An Exercise in Frustration – Hiring Talent in a Tight Labor Market
From trucking to construction to car care to print distribution, across all sectors in which we work, there is one common trend that our recruiting team has noticed – there’s a shortage of skilled and unskilled workers to fill available jobs. And this shortage significantly impacts our clients, particularly the small businesses with whom we work.
“I’ve really never seen it like this,” said Lisa Ritchie, our Vice President for Recruiting and Talent Selection. “We have more recruiting work than we have ever had, but this tight labor market is tough. We’re having to prepare our clients for the fact that filling these positions in this market is challenging.” Lisa’s not kidding. If you’re looking to hire someone in 2018, you’re in for a bit of a bumpy ride. Consider the following:
· Low Unemployment Rate. The national unemployment rate fell to a near historic low of 3.9% in April. Many states, such as Maine, Nebraska, North Dakota, Vermont, and Wisconsin have unemployment rates of less than 3%.
· Wages on the Rise. The tightening unemployment rate is beginning to drive up wages as workers demand higher salaries and current employers are increasingly counter-offering more money to keep from losing their talent.
· Too Many Jobs, Too Few Candidates. Job openings hit record highs in March as job seekers dwindle. In July 2009, just after the Great Recession, there were 6.7 unemployed people on average for each available job. In March 2018, it fell to just 1.
· Average Time to Fill On the Rise. The average time to fill positions continues to creep up, particularly for skilled, experienced workers. Our current average time to fill is approximately 60 days, up from 45 days just a couple of years ago.
Although these are national trends, we see their impact on our clients in all of the industries in which we work, for skilled and unskilled positions, and in all regions of the country. In fact, nearly every day we get inquiries from new clients who have tried to fill their open position on their own and are baffled by the lack of response to their job posting. The reason? Job postings aren’t drawing enough candidates because there aren’t enough candidates actively looking for new jobs. The vast majority of positions we fill for our clients are the result of actively headhunting passive candidates – those candidates who are currently employed, not looking for new jobs but are open and willing to consider a new position if the opportunity is presented to them.
Clearly, these are frustrating times to try to fill open positions. But before you give up and hire a recruiting firm to help you, here are some tips for you to consider:
1. Be creative about marketing your position. Remember, you are in a stiff competitive battle with both other employers and with the candidates’ current employers. Be creative about how you structure the position and, more importantly, how you market the position.
2. Get real about pay. There is nothing more frustrating than losing a solid candidate because an employer is unwilling to increase their new hire’s pay. Our advice: these are tough times and businesses just got the gift of a huge corporate tax break. Put it to good use and don’t low-ball your offer to a qualified candidate.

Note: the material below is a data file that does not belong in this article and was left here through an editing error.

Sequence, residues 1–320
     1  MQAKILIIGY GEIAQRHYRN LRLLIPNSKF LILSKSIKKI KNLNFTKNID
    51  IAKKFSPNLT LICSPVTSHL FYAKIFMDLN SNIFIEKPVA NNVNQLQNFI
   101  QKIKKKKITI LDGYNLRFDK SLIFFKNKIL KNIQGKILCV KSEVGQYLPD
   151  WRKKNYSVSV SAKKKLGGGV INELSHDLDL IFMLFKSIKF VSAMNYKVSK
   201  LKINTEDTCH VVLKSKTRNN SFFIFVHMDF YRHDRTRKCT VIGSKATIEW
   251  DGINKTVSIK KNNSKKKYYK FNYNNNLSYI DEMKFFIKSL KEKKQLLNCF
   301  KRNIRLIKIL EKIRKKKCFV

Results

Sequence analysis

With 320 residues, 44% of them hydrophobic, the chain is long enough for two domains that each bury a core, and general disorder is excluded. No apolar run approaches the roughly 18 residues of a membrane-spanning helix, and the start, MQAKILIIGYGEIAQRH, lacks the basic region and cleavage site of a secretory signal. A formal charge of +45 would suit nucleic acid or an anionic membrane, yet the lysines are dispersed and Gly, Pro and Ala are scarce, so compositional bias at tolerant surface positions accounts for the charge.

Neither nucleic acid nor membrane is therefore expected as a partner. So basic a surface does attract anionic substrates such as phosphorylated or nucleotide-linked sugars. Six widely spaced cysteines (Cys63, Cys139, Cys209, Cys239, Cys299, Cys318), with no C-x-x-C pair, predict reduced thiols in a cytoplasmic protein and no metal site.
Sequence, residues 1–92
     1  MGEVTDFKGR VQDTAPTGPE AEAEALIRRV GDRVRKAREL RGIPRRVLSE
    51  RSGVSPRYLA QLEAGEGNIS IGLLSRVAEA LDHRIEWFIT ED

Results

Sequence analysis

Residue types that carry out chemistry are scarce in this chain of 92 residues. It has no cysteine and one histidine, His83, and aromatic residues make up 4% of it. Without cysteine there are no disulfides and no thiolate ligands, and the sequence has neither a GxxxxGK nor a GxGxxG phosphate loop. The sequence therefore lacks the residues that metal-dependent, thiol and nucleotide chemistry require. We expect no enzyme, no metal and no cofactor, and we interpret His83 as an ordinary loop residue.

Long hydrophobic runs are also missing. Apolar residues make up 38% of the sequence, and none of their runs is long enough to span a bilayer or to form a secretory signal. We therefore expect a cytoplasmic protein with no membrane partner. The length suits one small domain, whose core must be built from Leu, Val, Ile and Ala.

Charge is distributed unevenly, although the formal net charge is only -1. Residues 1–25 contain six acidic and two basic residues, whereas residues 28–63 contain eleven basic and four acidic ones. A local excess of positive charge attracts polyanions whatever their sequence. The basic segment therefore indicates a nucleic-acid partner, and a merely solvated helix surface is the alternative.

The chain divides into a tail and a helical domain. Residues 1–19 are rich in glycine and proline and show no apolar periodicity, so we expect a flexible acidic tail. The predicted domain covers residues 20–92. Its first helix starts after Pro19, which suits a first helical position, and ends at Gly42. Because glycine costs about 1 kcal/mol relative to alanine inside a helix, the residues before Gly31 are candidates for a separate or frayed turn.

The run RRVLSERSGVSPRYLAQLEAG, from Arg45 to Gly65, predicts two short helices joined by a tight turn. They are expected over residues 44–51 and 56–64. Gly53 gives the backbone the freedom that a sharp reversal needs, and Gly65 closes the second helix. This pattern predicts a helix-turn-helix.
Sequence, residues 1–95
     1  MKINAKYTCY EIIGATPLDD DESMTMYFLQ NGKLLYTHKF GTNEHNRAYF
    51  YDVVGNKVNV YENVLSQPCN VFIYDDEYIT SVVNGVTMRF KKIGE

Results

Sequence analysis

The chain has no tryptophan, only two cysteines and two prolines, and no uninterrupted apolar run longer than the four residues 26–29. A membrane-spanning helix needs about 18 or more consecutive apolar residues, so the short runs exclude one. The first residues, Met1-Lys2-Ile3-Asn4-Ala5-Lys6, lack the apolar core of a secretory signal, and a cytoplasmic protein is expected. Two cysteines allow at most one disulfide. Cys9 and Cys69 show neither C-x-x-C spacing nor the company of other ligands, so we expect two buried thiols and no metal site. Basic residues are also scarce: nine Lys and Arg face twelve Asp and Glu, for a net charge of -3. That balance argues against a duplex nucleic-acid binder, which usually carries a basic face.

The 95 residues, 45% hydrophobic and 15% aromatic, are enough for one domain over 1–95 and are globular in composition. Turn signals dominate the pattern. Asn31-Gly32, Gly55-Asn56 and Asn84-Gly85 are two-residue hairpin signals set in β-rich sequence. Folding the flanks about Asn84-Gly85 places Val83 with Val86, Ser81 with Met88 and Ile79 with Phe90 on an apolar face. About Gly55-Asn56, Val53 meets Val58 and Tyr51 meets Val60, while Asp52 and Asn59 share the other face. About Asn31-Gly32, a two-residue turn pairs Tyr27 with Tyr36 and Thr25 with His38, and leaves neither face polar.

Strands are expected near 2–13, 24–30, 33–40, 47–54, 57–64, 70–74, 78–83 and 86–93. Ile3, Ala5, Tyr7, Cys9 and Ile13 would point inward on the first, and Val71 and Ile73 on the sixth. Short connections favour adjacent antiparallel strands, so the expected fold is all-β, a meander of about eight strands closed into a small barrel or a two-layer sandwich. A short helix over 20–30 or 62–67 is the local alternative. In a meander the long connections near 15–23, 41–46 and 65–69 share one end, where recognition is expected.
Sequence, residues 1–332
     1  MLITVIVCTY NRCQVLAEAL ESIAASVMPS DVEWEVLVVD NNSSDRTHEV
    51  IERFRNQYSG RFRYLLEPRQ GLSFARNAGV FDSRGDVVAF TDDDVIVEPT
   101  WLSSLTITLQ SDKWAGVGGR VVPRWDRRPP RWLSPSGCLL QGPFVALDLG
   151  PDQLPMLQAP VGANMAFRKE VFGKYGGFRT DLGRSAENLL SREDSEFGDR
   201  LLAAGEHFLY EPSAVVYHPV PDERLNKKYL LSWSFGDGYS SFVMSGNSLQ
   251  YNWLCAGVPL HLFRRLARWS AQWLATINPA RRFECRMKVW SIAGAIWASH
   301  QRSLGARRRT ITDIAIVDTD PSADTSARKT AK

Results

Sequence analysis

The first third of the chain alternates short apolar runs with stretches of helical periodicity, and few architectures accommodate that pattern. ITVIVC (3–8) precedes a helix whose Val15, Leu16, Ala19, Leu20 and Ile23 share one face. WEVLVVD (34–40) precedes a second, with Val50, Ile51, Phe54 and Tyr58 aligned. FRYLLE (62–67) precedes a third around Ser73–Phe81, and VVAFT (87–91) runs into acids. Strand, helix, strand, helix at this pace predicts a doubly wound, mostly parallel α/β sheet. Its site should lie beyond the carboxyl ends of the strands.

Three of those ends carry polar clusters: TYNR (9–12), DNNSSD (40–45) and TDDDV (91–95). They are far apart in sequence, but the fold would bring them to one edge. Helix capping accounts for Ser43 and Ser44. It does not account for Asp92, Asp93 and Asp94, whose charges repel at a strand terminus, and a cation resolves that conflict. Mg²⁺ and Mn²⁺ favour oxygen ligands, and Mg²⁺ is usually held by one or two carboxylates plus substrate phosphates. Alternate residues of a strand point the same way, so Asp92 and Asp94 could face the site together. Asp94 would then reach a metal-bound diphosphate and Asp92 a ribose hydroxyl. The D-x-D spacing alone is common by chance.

3. Don’t dawdle! We know you’re busy, but this is a worker’s market. If you don’t have the bandwidth to move quickly on your candidate selection, don’t bother starting the project. We’ve lost a number of excellent candidates because the employer took two to three weeks to make a decision on the candidate. There’s no time to waste – be prepared to move decisively and to move quickly.
4. Headhunt, headhunt, headhunt. More than 80% of the positions we fill are with passive candidates that we headhunted. Yes, it takes time and energy. But the good news is that there are plenty of resume databases you can purchase access to. Quite frankly, you have to go find your talent because it’s not coming to you. In fact, on a recent client project in Dallas, our professional job posting netted just three applicants. Three! If you are planning on posting the position and waiting for qualified candidates to roll in, I’m afraid you’ll be waiting a long time!
5. Start early. Many clients contact us when they are primed and ready for their new talent, only to find themselves frustrated that it takes so long to fill a position. If you know you need to fill a position by Q3 2018, start now because it will take time to find the perfect candidate, particularly the one who is currently gainfully employed and not looking for a job.
6. Do everything in your power not to lose your existing talent. There are many employers out there that are more than happy to recruit away your top talent. Make it impossible for them to do that. If you sense your pay is below scale for the industry, now’s the time to fix that. If you’re unsure whether your employees are happy and engaged, focus your energy on finding out how they feel and what you can do to improve their overall satisfaction. Listen to them. Conduct a focus group. Conduct an employee satisfaction survey. Buy them lunch. Show them you appreciate them. If you don’t have a strategic plan in 2018 to improve employee engagement, now is the time to come up with one.
Yes, the tight labor market is a significant challenge for our clients, but we see dramatic differences in the recruiting success between those employers who are well-prepared and aggressive in their recruiting efforts and those who take a more laissez-faire approach. Remember – your talent are your most valuable asset – now is the time to make the investments necessary to attract, hire and retain them!
By Claudia St. John, SPHR, SHRM-SCP, President – Affinity HR Group, Inc.